Amid growing concern regarding the current federal funding climate for ocean science research, the National Science Foundation (NSF) just announced continued support for the Bermuda Atlantic Time-series Study (BATS) research program at BIOS.
In 2003 the field of Arctic research was significantly advanced by the signing of a Memorandum of Understanding (MOU) for World Ocean and Polar Regions Studies between NOAA and the Russian Academy of Sciences. This groundbreaking agreement paved the way for a new level of collaboration between these two countries in their ongoing efforts to understand the dynamics of the Arctic sea region. The Russian-American Long-term Census of the Arctic (RUSALCA) program was the first research program initiated under this MOU, aimed at studying the ocean carbon cycle and the impacts of ocean acidification on the marine environment in the rapidly changing Arctic Ocean.
This summer, eight students from the US, Cuba, and Scotland traveled to Bermuda to participate in the Coral Reef Ecology (CRE) course at BIOS. This intensive summer course—geared toward upper level undergraduate and graduate students—exposes participants to the coral reef ecosystem at all organizational levels, from physiological ecology through population biology, community structure to ecosystem dynamics, and including human impacts.
Since 1999 undergraduate and graduate students from around the world have traveled to BIOS each summer to participate in the Microbial Oceanography course. This three-week intensive course is co-taught by Dr. Craig Carlson (University of California, Santa Barbara), Dr. Stephen Giovannoni (Oregon State University), Dr. Craig Nelson (University of Hawaii), Rachel Parsons (BIOS), and Dr. John Heidelberg (University of Southern California), which provides students with a truly multidisciplinary learning experience that taps into the combined expertise of top scientists in their respective fields.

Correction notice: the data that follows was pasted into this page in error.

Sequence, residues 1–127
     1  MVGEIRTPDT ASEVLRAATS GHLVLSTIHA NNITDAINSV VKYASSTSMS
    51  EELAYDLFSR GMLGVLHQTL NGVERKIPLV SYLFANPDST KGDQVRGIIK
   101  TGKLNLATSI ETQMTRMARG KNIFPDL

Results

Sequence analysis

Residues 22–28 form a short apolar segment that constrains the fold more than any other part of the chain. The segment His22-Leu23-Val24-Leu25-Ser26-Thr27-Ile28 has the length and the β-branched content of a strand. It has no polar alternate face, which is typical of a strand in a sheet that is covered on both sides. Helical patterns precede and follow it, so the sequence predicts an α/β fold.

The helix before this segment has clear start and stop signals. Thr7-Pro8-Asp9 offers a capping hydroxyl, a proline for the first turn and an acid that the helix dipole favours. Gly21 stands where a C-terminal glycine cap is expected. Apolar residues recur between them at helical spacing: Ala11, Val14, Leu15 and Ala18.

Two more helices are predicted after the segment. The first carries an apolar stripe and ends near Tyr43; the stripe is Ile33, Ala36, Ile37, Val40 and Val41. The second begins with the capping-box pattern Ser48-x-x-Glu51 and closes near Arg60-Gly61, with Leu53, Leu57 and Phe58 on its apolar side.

Each year, as part of the ongoing Princeton University-BIOS collaboration, a group of undergraduate students in Princeton’s Ecology and Evolutionary Biology (EEB) and Princeton Environmental Institute (PEI) programs visit BIOS for a month-long course in marine biology. Co-taught by Dr. James Gould (Princeton EEB) and Dr. Samantha de Putron (BIOS), the course is designed to cover all aspects of marine biology, with a special focus on coral reefs.
Although BIOS was originally founded as a research station for college and university students, over the years it has also become a place for middle and high school teachers to take their students for a trip abroad that combines hands-on education, adventure, and the experience of living on a working research station. Many of these teachers return year after year with new groups of students eager to learn about everything from history to marine biology to Bermuda’s native flora and fauna.